Advanced Networking - Bonding

Bonding is also known as trunking, or teaming. Different vendors use different names. It's used to join multiple physical interfaces to one logical interface, for redundancy and/or performance.

You can set up a bond, to join interfaces eth0 and eth1 to a failover (active-backup) interface bond0 as follows:

$ cobbler system edit --name=foo --interface=eth0 --mac=AA:BB:CC:DD:EE:F0 --interface-type=bond_slave --interface-master=bond0
$ cobbler system edit --name=foo --interface=eth1 --mac=AA:BB:CC:DD:EE:F1 --interface-type=bond_slave --interface-master=bond0
$ cobbler system edit --name=foo --interface=bond0 --interface-type=bond --bonding-opts="miimon=100 mode=1" --ip-address=192.168.1.100 --netmask=255.255.255.0

You can specify any bonding options you would like, so please read the kernel documentation if you are unfamiliar with the various bonding modes Linux can support.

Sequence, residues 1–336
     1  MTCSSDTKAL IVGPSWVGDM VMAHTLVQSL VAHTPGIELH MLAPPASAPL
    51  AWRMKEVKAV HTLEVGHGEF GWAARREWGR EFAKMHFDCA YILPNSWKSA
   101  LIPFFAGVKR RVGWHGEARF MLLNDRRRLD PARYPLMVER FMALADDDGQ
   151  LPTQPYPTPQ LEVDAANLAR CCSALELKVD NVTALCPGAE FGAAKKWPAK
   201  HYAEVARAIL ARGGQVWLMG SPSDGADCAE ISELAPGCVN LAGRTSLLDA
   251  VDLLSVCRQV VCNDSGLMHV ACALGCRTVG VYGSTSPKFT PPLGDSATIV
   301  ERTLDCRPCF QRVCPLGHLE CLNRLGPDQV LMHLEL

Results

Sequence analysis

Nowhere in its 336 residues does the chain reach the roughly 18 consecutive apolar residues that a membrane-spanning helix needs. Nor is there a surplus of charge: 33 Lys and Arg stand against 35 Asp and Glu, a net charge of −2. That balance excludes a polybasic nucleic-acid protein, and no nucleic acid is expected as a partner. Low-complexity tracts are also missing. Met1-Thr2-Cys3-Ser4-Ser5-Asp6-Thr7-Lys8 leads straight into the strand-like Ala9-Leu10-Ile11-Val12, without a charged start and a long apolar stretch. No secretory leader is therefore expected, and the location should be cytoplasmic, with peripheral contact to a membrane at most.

Notes About Bonding Syntax

The methodology to create bonds was changed in 2.2.x with the introduction of bridged interface support. The --bonding and --bonding-master options have since been deprecated and are now an alias to --interface-type and --interface-master, respectively.

Likewise, the master/slave options have been deprecated in favor of bond/bond_slave. Cobbler will continue to read system objects that have those fields set, but when the object is edited and saved back to disk they will be converted to the new format transparently.


comments powered by Disqus